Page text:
April 20, 2016
Today, The New York Times published a letter to the editor from AJS-Honduras President Carlos Hernandez. Below is the text of the letter, which can also be read on the Times’ website.
Fighting corruption in Honduras
Re “An anti-corruption charade in Honduras” (Opinion, Feb. 16): Alexander Main made valid points but neglected to mention important advancements in the fight against corruption by Honduran nongovernmental organizations — advancements that make the success of the initiative by the Organization of American States much more likely.
I lead the Association for a More Just Society, the Honduran chapter of the nonprofit organization Transparency International. In the last two years, our work has resulted in the arrest of 95 individuals involved in major corruption cases. The reforms we’ve pushed for against corruption in public education have nearly doubled the number of days students spend in class. At least 29 major drug traffickers have been arrested, contributing to a 23 percent drop in homicide rates. My country is no longer the most violent in the world.
The O.A.S. initiative offers no silver bullets, but with oversight and support, it presents an opportunity to strengthen our government systems. We have hope that anti-corruption efforts will make a difference — because ours already have.
Carlos Hernández Tegucigalpa, Honduras
The letter was published in response to an opinion piece run by The New York Times that was critical of anti-corruption reform efforts in Honduras. While points in the opinion piece were accurate, the picture it painted was incomplete.
Corruption does continue to occur in the highest levels of the Honduran government. But these injustices have mobilized Honduran civil society around high-level reforms that have led to dramatic advances in the government and justice system. Just one example: in the past two years, the Attorney General’s office has earned 50 guilty verdicts in corruption cases – more than the previous 19 years put together.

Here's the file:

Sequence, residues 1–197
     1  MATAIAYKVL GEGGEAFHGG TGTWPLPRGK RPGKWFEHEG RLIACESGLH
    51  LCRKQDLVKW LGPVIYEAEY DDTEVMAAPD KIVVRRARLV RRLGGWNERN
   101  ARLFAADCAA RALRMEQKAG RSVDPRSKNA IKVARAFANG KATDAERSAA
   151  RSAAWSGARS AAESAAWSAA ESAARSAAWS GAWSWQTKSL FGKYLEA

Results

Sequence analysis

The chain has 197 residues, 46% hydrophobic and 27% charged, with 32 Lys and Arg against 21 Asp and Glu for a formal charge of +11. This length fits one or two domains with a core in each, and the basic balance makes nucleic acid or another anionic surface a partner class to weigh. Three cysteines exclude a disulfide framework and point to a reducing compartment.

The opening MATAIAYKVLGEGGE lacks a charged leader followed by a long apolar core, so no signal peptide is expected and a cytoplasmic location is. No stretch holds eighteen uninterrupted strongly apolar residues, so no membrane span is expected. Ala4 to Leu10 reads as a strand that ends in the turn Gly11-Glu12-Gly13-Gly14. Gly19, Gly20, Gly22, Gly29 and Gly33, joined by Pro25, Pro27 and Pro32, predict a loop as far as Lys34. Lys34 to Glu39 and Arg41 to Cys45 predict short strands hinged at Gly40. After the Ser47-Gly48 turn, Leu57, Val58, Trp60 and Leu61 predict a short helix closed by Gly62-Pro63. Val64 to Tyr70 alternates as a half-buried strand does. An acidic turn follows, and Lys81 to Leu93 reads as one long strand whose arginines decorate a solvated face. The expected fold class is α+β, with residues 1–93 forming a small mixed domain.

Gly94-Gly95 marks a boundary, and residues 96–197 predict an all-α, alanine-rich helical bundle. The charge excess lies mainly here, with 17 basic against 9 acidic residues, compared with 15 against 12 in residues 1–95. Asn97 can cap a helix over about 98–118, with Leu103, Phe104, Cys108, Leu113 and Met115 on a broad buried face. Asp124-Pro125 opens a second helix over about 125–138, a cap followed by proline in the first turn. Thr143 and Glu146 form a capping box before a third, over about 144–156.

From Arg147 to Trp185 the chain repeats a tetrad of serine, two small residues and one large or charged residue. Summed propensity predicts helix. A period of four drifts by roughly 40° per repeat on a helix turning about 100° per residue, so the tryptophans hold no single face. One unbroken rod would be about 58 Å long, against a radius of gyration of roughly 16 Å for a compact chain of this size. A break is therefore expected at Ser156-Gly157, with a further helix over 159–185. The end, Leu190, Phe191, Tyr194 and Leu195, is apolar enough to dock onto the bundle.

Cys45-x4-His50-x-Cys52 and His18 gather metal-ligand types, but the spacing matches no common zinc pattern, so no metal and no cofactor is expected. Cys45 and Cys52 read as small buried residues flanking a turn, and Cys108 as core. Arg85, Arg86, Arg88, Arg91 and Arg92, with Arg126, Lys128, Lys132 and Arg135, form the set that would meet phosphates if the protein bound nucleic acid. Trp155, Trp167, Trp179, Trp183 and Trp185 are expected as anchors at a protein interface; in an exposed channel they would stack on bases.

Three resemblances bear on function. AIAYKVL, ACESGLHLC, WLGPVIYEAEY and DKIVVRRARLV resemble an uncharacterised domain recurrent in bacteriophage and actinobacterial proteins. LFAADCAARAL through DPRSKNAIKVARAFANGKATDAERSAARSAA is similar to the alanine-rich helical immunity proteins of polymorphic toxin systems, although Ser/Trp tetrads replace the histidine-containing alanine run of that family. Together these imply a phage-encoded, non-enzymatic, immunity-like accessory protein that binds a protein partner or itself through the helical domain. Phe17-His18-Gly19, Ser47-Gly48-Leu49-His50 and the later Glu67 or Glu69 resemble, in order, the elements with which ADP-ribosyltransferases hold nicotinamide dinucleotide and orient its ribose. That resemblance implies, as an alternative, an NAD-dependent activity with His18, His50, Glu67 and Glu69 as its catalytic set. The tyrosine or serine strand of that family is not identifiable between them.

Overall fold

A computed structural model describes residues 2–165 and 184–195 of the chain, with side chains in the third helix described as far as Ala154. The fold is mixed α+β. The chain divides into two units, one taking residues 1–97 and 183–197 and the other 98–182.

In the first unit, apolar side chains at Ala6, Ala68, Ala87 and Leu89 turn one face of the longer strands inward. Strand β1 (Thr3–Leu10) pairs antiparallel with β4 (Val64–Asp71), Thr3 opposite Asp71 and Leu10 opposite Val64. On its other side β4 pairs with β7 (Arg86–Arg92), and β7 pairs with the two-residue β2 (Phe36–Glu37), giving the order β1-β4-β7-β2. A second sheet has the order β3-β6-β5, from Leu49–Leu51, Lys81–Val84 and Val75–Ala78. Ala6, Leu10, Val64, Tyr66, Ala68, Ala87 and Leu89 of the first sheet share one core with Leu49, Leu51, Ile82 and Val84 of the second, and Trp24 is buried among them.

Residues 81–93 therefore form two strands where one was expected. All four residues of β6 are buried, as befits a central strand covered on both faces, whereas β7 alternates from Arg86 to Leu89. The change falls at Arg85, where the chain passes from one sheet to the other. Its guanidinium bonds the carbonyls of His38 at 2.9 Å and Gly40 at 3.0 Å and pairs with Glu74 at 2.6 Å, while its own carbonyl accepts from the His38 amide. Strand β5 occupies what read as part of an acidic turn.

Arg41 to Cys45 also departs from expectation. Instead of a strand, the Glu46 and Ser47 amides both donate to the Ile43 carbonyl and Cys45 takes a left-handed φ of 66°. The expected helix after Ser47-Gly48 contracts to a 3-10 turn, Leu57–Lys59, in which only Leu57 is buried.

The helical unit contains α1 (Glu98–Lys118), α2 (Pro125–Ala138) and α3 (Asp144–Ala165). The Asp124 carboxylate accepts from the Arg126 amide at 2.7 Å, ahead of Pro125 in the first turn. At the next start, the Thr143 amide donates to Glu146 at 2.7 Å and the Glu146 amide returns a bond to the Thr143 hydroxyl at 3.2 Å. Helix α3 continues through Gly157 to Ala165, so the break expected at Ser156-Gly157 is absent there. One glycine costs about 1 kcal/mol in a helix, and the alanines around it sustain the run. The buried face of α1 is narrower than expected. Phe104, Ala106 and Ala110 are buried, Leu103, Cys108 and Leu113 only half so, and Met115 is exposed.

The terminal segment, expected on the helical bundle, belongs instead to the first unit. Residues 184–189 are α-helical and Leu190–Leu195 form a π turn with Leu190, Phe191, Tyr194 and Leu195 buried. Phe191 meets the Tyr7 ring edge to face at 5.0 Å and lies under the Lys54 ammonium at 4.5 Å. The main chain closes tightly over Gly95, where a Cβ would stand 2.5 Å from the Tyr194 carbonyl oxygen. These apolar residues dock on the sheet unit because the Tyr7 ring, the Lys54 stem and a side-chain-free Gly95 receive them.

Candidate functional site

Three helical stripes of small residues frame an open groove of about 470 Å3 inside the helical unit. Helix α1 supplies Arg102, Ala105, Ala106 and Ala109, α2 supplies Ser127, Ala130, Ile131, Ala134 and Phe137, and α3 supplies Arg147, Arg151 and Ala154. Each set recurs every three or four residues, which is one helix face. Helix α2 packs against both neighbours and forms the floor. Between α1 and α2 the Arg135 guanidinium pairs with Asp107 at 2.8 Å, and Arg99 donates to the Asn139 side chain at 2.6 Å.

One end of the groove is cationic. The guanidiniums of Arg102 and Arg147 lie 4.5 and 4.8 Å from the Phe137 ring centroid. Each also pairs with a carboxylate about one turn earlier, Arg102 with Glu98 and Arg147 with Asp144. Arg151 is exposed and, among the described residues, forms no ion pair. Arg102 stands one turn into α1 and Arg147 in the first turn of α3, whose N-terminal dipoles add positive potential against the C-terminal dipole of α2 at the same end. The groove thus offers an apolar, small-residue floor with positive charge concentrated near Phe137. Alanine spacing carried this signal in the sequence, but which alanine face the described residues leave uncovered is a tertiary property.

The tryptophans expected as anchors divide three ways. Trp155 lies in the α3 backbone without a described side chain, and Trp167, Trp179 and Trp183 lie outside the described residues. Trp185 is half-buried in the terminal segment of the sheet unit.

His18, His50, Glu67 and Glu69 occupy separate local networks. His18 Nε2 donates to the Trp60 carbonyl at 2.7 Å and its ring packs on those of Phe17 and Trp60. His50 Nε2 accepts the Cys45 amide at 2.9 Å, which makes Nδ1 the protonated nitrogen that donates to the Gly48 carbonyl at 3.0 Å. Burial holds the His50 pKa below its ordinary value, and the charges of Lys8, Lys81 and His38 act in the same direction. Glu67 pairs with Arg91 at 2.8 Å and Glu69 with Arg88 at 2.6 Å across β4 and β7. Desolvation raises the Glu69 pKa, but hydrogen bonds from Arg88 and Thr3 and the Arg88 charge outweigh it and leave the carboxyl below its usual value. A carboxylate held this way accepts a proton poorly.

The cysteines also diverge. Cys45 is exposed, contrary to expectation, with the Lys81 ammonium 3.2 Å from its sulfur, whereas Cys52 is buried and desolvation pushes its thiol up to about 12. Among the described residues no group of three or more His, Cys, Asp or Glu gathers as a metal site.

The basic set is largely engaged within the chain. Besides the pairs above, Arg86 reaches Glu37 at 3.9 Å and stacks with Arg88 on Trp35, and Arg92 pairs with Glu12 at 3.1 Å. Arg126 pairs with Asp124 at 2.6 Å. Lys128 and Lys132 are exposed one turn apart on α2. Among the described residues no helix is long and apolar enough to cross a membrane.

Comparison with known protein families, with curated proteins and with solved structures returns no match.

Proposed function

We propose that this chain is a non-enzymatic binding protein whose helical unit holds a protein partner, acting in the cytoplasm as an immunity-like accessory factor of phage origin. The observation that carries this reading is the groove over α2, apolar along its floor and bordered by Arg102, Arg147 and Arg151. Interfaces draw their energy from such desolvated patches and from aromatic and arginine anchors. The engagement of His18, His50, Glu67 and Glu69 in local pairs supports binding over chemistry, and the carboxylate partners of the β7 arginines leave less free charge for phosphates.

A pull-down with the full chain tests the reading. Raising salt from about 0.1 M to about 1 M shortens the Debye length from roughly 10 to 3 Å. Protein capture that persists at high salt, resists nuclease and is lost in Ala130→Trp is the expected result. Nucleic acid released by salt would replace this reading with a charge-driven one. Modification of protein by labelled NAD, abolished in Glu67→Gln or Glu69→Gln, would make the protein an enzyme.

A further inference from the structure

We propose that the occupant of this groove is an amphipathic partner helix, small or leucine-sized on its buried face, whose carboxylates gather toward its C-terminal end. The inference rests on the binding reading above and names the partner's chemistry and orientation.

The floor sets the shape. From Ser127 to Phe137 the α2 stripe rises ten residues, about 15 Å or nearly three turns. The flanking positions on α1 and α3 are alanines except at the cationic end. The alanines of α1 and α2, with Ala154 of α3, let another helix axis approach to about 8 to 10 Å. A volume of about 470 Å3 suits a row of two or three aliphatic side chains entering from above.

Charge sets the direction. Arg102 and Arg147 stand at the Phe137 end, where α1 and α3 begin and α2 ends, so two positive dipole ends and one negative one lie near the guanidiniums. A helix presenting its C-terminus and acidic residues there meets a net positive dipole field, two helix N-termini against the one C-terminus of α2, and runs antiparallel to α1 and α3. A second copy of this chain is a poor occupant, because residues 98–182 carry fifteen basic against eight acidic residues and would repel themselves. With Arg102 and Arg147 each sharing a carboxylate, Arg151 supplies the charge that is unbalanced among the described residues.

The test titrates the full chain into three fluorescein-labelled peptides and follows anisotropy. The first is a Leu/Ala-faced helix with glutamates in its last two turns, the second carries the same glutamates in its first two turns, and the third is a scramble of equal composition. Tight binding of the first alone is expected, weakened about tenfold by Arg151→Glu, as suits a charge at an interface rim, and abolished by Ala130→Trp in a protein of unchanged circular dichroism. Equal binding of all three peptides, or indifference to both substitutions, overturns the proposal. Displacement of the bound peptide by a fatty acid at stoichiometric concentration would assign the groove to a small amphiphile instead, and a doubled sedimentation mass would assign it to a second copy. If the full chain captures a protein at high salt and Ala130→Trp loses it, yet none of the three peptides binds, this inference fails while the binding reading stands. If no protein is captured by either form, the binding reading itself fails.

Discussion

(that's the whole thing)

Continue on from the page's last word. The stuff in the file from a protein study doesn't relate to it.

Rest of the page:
The article was pessimistic of a new international anti-corruption force in Honduras organized by the Organization of American States (OAS). The effort, called the Support Mission Against Corruption and Impunity in Honduras (MACCIH, by its Spanish initials), is not a certain success. But it is a certain opportunity to fundamentally shift the cycle of corruption, impunity, and violence in Honduras.
Ultimately, such a shift must be led not by groups like the OAS, the UN, or any foreign country — but by Honduran citizens and civil society, including groups like AJS. The OAS’s new effort in Honduras has its flaws, but serious corruption fighters view its arrival as an opportunity for progress before pessimism.
The original opinion piece in The New York Times stated, “Congressional oversight may be the only guarantee that due diligence is done” — a quote that is only partly right. It overlooks the important role that civil society organizations play in Honduras; organizations like AJS are committed to just such oversight and we are already seeing a difference.
Hondurans are already pressuring their government from within, and what’s direly needed is a sustainably equipped criminal justice system in Honduras.
The fight against corruption is costly, and it has claimed the lives of brave individuals, including from AJS — but we will continue the fight with tenacity and hope. Whoever wants to join us, including the OAS, is welcomed to do so.